Colt McCoy has to go way back to the dusty playing fields of West Texas to remember the last time he accomplished the ultimate in team goals for a season.
Sure, there have been a slew of individual accomplishments over the years and enough personal records to keep the Texas quarterback satisfied long after his playing career is over.
But McCoy has to revert to his days at tiny Jim Ned High School when his Class 2A team was beating up on the likes of the Bangs Dragons, Ballinger Bearcats, San Saba Armadillos and Coleman Bluecats for District 3 supremacy to remember his last true on-the-field team championship.
His next chance will come Saturday night at Cowboys Stadium in Arlington, Texas, when the Longhorns meet Nebraska.
“It’s right there in front of us,” McCoy said. “It’s a goal we’ve worked for all year long and it’s finally here. This is the most important game. We know there are big things after the game if we go out and handle our business. But right now, Nebraska is our focus.”
Only a year ago, McCoy and the Longhorns dealt with the bitter disappointment of failing to make the Big 12 championship game. Earlier, they had defeated eventual champion Oklahoma in a dramatic comeback. But their South Division championship hopes were dashed by a last-second loss at Texas Tech that caused a three-way tie for division title. The split championship affected the computer polls and kept Texas out when the final numbers were tallied at the end of the regular season.
That snub resonated through all of the Longhorns’ offseason practices and workouts before leading to their success this season.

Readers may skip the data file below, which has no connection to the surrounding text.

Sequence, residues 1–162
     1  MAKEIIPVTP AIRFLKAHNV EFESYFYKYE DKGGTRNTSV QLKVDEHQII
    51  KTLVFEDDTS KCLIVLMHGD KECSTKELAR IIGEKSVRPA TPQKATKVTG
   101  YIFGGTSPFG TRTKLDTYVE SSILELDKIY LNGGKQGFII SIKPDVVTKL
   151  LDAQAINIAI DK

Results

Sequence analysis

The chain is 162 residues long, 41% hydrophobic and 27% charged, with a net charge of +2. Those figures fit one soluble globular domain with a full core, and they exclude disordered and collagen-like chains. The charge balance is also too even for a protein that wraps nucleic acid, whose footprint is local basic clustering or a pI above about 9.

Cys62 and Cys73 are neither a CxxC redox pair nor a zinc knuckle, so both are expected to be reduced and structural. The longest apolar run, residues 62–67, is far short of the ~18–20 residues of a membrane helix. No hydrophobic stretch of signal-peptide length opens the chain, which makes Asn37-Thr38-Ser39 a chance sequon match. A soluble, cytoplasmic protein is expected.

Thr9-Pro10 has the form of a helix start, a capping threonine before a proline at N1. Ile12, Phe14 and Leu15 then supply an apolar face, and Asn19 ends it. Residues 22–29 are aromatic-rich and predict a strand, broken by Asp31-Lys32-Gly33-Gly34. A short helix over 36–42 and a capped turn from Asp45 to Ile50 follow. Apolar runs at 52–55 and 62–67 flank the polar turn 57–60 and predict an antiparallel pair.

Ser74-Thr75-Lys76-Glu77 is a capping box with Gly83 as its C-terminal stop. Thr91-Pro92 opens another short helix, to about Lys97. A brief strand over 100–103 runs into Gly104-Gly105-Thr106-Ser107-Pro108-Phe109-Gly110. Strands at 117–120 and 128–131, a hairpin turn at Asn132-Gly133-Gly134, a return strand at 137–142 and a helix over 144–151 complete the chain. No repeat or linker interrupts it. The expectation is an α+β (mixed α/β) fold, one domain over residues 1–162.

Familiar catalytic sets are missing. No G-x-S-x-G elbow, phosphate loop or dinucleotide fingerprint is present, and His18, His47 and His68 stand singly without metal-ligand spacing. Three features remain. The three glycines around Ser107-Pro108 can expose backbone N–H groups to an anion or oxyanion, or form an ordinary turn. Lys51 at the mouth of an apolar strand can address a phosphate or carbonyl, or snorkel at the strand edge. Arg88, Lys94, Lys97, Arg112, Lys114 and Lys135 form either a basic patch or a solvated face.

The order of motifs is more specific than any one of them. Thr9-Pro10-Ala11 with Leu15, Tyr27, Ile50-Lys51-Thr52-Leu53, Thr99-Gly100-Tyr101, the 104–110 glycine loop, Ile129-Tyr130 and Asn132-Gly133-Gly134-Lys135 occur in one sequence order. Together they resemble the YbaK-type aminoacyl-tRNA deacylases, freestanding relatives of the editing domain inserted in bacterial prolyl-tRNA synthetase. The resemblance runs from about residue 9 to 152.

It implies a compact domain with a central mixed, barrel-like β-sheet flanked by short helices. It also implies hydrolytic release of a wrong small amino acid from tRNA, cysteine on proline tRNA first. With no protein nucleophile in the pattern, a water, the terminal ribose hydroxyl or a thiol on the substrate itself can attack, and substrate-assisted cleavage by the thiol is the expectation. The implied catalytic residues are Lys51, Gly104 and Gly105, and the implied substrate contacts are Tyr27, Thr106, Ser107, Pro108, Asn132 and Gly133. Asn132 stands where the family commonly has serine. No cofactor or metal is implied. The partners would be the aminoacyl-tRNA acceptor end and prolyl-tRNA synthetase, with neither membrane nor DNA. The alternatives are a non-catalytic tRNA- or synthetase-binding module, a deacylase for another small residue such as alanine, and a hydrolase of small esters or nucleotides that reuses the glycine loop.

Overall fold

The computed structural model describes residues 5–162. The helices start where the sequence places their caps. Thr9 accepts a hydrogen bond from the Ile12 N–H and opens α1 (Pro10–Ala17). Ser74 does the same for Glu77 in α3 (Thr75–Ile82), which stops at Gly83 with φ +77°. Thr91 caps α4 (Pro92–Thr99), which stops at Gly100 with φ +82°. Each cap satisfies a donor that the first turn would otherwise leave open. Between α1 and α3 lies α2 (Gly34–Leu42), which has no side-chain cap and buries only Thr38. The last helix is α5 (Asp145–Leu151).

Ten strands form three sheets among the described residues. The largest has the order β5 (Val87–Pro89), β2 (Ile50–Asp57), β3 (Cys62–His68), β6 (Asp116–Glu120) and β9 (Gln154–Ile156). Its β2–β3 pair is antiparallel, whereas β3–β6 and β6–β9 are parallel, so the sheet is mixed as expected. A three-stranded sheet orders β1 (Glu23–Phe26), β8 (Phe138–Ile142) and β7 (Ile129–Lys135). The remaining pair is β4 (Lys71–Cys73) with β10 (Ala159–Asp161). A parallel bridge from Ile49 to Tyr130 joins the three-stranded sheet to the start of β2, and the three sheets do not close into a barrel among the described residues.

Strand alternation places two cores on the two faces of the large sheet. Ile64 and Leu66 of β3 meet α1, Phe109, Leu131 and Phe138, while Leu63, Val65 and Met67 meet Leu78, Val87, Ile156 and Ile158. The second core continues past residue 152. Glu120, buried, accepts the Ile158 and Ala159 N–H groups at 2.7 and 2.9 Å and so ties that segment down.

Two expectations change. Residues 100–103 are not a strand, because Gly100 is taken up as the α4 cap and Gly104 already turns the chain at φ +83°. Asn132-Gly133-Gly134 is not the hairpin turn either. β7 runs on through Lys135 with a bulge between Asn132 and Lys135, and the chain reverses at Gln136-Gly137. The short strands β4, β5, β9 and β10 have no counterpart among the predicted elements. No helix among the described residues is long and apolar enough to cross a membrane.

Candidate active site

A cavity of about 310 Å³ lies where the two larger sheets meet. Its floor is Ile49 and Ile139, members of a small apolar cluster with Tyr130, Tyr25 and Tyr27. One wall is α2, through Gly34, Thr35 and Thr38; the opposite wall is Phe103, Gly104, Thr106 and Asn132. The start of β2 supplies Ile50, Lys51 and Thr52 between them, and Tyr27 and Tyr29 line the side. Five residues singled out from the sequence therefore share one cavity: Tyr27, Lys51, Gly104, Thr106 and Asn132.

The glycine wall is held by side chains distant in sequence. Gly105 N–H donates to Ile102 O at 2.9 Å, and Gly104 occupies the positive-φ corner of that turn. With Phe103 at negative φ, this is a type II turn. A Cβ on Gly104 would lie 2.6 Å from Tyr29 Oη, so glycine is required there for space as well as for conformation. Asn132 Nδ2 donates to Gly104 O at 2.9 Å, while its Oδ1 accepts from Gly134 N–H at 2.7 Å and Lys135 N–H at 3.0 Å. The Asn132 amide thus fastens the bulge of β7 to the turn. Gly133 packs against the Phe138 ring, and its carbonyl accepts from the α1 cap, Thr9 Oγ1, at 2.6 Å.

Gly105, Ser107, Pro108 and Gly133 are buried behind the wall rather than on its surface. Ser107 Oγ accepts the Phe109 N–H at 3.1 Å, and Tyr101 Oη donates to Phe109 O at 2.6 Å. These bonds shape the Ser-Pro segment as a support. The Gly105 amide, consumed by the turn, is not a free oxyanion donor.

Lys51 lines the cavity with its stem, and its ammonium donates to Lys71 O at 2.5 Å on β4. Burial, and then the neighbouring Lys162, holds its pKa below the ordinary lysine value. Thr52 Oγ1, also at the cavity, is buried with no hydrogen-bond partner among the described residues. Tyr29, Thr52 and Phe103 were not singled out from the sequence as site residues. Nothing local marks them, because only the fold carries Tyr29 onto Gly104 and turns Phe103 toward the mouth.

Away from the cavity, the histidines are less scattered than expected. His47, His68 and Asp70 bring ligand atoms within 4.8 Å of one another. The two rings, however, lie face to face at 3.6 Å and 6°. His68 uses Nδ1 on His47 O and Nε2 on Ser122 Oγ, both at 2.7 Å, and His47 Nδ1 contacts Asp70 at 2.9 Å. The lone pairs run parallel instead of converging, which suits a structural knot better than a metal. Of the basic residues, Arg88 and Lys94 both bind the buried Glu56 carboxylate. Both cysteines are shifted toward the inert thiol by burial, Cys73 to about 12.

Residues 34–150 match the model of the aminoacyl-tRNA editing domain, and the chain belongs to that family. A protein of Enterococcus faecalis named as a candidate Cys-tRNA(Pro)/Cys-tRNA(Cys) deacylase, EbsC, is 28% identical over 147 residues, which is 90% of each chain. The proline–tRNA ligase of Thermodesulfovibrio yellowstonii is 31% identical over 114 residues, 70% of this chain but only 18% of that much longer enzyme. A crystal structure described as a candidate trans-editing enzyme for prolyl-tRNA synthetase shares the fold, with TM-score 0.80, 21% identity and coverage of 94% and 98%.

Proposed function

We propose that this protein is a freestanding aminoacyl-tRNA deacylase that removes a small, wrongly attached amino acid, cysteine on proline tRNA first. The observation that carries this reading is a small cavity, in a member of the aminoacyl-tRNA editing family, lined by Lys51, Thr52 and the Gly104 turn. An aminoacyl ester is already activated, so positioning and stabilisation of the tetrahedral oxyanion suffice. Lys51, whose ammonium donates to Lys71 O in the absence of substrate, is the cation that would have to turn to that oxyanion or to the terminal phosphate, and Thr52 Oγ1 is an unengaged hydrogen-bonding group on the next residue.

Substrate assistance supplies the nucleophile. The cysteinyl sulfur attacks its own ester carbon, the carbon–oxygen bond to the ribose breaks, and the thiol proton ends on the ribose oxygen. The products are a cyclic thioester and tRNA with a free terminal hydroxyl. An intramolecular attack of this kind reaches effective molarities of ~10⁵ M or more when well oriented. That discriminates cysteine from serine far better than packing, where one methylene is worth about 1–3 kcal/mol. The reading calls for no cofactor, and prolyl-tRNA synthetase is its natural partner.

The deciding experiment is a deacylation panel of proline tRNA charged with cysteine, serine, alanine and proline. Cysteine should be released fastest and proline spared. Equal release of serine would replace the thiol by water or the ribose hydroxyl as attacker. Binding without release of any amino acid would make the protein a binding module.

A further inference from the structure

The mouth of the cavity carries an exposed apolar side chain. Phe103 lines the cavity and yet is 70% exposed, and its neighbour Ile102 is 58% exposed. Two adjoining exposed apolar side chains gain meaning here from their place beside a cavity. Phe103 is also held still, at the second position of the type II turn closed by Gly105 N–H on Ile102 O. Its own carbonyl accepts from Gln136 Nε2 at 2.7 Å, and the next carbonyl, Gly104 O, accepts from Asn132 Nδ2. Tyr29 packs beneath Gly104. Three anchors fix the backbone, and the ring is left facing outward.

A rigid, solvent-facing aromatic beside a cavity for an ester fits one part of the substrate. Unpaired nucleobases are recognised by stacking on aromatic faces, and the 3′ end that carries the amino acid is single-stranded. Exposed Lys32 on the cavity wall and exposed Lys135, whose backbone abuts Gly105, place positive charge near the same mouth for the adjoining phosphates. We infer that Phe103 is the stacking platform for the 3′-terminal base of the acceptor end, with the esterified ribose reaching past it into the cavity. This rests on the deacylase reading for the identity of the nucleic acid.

Texas coach Mack Brown reminded them of that past disappointment as they began work for Nebraska earlier this week.
“They were disappointed as any group of kids I’ve ever seen,” Brown said. “But [they] committed themselves to be in this game and win it. And now they have it all in front of them.”
McCoy battled through a mid-season crisis of confidence to direct the Longhorns to a 12-0 record. Only a 16-13 victory over Oklahoma has been by a margin of less than 10 points.
Throughout the season, McCoy has talked about his personal need to play in the Big 12 championship game -- the biggest of all stages in his conference. Such a goal, he said, is bigger than an individual award like winning the Heisman Trophy.
He’s never been there before, watching Paul Thompson and Sam Bradford claim titles for Oklahoma during his career at Texas.
He’ll go down in history as the winningest quarterback in NCAA history. His 44-7 record likely will never be broken -- at least until the NCAA starts mandating 13-game or 14-game regular seasons.
In order to claim his place among the pantheon of great Texas quarterbacks like Vince Young, James Street, Bobby Layne and James Brown, McCoy needs to earn a title.
Texas offensive coordinator Greg Davis remembers hearing from McCoy only minutes after he learned that Vince Young was leaving school early for the NFL.
“Colt told me not to worry, that he was ready,” Davis said.
Such a pronouncement might have been construed as a tad bold coming from a redshirt freshman who had never played before. But McCoy has been proving it ever since.
There was his first wild road victory when he beat Nebraska in a raging snowstorm in 2006.
And the way he’s beaten old rivals Texas A&M and Oklahoma in back-to-back seasons. Nobody has done that since the Longhorns’ salad days of late 1960s and early 1970s when Darrell Royal was roaming the sideline.
But the Big 12 title has been elusive for McCoy.
McCoy’s quest has even infused Brown, who said Saturday’s title game will be more meaningful for him for players like his senior quarterback than any sense of personal accomplishment in claiming his second Big 12 title and qualifying for his second BCS title game.
“I would like is for Colt and these seniors to have a championship,” Brown said. “They deserve it. They have given us so much. It’s a thing that’s not on their résumé.
“And that’s what Saturday night is about for me. I want Colt to finish getting the acclaim he should for this program and for college football. He’ll have a lot more by winning Saturday.”